Britain's Beacon of Hope
Almost a year to date since the govt-backed report on race and ethnic disparities suggested that Britain had no problem with race and that the world should look to Britain as a beacon of hope on race, we were faced with the horrific report on the Child Q case. While the government seems to think there is no real issue with racism, this case, something that is ultimately a human rights violation, shows we are far from a beacon of hope for matters of race.
The details of the case are horrific and the sheer scale of safeguarding violations and oversight by teachers - the adults that parents and carers expect to care for their children - are inexcusable.
All of this fits within a wider context. Firstly, adultification - We know that Black children are much more likely to be perceived as older than they actually are. This report from Georgetown Law Center on Poverty and Inequality, Girlhood Interrupted: The Erasure of Black Girls’ Childhood, found that adults viewed Black girls “as less innocent and more adult-like than white girls of the same age, especially between 5–14 years old. When children are thought of as adults, they are treated more harshly by teachers, the police and other statutory organisations.
Secondly, while there has been a huge amount of focus on the issues Black boys face in education, we are only just coming to terms with the issues Black girls face. We now know that Black girls are twice as likely to be excluded from school than their white counterparts.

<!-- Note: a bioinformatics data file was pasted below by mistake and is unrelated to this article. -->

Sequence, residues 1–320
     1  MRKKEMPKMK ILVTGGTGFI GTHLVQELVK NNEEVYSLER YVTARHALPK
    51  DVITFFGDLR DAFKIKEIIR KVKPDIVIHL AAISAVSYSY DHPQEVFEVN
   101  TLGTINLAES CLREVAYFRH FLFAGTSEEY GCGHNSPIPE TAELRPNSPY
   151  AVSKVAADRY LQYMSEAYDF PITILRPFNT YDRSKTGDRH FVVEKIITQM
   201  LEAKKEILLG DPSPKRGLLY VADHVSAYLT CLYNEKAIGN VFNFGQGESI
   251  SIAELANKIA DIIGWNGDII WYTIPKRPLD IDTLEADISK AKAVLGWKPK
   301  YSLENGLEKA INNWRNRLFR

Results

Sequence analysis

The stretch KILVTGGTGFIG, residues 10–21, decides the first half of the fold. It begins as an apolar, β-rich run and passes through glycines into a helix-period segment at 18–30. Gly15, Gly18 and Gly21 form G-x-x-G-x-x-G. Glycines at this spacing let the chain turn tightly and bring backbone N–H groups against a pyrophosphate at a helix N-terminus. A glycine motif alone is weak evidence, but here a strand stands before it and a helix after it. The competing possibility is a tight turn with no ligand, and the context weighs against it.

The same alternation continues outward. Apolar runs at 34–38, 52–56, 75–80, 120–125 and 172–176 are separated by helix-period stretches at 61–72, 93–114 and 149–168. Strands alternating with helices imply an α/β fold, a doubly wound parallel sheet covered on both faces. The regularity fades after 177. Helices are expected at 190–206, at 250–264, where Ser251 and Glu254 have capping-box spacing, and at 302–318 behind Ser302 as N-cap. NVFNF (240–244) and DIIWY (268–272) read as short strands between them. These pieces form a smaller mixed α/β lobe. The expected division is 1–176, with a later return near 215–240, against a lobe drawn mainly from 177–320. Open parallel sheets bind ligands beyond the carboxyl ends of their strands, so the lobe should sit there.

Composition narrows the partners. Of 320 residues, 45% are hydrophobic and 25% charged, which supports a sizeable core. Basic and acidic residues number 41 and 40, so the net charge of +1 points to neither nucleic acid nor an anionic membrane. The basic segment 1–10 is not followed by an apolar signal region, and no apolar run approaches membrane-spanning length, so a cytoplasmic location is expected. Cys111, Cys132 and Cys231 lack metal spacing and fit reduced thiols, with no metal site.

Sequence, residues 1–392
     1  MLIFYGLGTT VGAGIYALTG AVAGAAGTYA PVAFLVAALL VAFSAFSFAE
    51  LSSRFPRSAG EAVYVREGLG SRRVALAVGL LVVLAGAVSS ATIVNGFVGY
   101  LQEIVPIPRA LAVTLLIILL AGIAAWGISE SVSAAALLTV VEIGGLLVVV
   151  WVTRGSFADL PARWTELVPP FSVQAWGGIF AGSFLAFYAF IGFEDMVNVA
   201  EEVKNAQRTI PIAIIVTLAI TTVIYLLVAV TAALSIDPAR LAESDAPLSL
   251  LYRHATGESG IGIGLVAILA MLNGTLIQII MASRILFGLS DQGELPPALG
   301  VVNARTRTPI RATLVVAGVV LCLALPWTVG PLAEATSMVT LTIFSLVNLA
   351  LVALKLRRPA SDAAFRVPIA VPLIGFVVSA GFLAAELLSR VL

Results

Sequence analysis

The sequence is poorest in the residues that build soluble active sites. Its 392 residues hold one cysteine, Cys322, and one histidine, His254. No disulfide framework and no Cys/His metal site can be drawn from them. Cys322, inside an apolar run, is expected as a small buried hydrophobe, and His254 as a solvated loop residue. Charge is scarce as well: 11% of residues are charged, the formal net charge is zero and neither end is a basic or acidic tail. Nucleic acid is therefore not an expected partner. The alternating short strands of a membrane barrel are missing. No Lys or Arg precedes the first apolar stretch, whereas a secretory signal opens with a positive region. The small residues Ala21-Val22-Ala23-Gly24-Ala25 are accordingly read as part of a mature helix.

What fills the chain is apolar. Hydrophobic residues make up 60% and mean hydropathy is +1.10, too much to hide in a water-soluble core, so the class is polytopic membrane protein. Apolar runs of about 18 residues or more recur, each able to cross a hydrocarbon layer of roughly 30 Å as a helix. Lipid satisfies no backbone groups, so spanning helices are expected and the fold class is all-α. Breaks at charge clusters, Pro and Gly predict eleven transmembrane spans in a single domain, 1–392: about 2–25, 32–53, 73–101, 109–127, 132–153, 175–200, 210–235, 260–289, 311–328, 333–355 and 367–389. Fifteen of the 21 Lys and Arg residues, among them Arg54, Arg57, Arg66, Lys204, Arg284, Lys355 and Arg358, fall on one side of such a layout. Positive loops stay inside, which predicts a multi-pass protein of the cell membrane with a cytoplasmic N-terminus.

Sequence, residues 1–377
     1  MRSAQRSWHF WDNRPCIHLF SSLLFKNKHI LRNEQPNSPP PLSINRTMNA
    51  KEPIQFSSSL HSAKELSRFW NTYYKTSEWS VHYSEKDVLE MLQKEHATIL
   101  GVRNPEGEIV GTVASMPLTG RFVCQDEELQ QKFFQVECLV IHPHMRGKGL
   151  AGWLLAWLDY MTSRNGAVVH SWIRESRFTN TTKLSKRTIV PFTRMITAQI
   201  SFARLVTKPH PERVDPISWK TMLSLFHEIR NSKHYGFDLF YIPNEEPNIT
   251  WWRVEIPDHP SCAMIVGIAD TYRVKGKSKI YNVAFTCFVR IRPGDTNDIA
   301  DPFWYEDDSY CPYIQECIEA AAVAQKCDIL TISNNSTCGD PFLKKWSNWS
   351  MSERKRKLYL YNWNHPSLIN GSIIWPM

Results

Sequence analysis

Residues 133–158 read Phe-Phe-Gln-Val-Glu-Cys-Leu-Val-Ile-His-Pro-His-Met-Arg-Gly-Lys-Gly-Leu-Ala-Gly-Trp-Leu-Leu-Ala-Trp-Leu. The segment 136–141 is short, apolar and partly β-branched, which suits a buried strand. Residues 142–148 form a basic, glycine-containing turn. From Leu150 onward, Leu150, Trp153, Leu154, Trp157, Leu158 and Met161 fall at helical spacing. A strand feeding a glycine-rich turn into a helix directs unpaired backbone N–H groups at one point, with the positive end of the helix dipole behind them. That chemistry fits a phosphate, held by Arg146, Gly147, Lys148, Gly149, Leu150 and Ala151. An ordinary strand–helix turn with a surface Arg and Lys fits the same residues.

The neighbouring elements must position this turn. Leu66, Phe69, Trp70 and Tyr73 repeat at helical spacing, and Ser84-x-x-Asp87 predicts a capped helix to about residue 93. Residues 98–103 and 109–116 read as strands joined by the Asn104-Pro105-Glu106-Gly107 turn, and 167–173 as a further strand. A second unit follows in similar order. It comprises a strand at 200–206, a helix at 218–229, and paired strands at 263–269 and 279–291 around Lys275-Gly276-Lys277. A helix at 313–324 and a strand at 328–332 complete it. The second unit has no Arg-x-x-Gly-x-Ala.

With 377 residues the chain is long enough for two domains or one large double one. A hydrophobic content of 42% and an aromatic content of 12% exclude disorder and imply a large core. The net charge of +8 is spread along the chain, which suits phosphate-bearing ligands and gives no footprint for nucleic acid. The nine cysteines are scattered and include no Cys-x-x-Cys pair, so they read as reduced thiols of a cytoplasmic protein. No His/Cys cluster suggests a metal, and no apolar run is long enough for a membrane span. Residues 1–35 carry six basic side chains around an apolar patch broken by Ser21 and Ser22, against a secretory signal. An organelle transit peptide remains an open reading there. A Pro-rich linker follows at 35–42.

Ultimately, the case of Child Q and the wider experiences of black students in the education system can only be called by one thing, racism. A racism that is upheld by a combination of racist stereotypes, and practices, that resulted in a very long list of failures to adequately protect a child and that permeate into nearly all aspects of daily life, particularly education.
When the youngest amongst us are forced to protest and speak up against institutional racism they face in schools, where does this leave us as a “beacon of hope”? We can no longer deny that racial and ethnic disparities exist. And they run deep, deep in the waters of the institutions that say they are here to protect and serve.
“When things go wrong as they sometimes will, when the road you’re trudging seems all uphill.” In the words of FBB participant Zera, the fight for an equal Britain is far from over. Young people deserve better. Their anger and frustration of what has happened to Child Q permeates the walls of a system that has ultimately failed.